• As the logic in the notebook computer 20 adjusts potentiometer 62, transistor 63 (which comprises an NPN transistor) is turned on and a control signal current 85 flows through resistor 45 in the adapter voltage adjust circuit 40, through diode 48, through transistor 63 and resistor 64. Current 85, in addition to the current already flowing through resistors 45-47, increases the voltage drop across resistor 45. As a result, the voltage across resistor 47 decreases and the operational amplifier 41 generates a positive output voltage proportional to the difference between the voltage reference (zener diode 44) and the voltage across resistor 47. The adapter voltage adjust circuit 40 thereby causes the power adapter 10 to re-adjust (increase) its output voltage until the voltage across resistor 47 equals the zener diode's reference voltage. Current 85 causes the adapter voltage adjust circuit 40 to cause the adapter 10 to re-adjust the output voltage Vout. As the control current 85 decreases, the output voltage from operational amplifier 41 also decreases. Thus, logic in the notebook computer 20 can control the potentiometer 62 to thereby cause the power adapter 10 to increase or decrease its output voltage to the notebook computer 20.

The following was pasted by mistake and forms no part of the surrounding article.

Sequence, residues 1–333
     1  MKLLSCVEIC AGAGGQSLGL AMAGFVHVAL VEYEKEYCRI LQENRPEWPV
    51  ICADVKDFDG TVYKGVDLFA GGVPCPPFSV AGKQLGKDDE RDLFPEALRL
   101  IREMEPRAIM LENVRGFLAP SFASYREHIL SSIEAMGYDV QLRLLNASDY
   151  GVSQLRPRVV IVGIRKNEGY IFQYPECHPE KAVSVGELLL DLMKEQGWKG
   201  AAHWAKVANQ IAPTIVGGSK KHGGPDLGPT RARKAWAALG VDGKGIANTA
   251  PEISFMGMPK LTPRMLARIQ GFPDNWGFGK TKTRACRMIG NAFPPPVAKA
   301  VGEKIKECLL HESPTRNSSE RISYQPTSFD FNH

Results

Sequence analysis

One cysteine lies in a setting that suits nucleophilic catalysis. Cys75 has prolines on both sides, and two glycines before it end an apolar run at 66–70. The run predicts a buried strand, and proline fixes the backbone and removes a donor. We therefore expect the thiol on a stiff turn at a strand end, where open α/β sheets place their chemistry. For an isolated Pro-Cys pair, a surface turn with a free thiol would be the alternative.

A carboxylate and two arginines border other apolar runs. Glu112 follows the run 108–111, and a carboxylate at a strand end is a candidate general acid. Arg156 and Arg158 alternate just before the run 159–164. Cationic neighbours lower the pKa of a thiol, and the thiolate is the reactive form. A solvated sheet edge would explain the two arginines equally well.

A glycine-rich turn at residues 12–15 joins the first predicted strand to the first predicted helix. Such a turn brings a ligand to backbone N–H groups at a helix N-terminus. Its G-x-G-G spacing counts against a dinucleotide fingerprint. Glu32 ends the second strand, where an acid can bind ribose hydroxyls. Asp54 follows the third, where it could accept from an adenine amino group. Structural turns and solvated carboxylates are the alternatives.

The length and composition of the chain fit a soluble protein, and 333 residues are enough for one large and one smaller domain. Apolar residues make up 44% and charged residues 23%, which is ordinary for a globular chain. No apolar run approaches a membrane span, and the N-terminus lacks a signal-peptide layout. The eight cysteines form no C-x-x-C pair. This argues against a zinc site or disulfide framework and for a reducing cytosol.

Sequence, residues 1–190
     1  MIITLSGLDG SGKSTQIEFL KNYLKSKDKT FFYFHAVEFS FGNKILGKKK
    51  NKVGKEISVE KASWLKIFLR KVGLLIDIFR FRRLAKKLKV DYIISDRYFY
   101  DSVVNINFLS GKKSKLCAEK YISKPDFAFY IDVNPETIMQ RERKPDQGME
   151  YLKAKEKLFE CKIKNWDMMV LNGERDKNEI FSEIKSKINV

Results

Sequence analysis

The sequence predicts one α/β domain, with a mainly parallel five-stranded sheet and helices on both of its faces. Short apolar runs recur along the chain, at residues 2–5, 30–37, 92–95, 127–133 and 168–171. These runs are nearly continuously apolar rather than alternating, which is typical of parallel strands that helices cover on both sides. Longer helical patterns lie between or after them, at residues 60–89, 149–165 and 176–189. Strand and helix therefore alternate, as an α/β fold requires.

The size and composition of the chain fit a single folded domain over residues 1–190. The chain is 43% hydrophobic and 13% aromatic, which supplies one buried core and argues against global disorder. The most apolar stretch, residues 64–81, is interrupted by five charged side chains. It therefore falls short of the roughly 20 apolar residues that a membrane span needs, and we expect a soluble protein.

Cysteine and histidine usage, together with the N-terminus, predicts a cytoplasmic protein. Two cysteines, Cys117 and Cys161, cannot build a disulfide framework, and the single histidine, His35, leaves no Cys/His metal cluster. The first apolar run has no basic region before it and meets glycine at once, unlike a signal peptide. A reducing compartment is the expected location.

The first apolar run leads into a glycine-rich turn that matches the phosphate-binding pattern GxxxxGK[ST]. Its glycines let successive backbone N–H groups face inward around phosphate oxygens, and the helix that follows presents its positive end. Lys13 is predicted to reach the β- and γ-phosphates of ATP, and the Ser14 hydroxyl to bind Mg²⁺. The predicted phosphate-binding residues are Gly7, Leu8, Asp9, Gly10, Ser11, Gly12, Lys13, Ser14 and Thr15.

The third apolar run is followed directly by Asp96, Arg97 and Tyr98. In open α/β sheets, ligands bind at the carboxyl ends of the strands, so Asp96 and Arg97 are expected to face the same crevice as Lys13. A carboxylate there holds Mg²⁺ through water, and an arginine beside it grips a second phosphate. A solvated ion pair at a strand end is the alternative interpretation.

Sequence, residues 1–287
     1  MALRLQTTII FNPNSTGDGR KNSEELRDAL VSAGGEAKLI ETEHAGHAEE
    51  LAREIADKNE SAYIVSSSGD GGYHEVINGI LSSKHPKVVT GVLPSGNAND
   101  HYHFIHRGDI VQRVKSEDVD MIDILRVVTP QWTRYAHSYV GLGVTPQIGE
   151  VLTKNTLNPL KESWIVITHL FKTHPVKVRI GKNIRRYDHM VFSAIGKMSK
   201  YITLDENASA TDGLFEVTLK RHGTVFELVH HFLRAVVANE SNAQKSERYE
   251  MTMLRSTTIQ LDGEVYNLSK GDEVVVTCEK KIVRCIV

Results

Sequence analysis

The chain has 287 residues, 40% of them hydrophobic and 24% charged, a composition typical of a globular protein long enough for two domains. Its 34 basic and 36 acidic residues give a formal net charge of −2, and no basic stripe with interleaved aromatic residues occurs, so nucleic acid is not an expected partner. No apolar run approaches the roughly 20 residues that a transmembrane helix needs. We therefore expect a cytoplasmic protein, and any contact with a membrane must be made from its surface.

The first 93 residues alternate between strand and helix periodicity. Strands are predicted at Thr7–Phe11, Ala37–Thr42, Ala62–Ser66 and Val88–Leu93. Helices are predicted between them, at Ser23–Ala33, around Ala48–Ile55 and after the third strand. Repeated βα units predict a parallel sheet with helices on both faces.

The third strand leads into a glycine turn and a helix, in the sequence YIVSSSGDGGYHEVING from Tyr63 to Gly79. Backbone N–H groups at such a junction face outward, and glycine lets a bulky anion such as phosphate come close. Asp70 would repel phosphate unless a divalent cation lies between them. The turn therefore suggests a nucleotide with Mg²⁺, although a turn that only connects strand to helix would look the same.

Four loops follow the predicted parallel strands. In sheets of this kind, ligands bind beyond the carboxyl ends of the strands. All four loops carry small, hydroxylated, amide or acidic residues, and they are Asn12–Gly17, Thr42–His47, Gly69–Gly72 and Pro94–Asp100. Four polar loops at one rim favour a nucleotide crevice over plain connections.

• The diode 48 in the power adapter 10 comprises signal blocking device disposed between the adapter control circuit 50 and the adapter voltage adjust circuit 40 to block the adapter control signal (current 80) from being received by the adapter voltage control adjust circuit 40. That is, the diode 48 precludes the current 80 from flowing to the adapter voltage adjust circuit 40, which otherwise would result in an unintended change to the power adapter's output voltage Vout when the adapter control circuit 50 was attempting to cause the notebook computer 10 to change its power draw.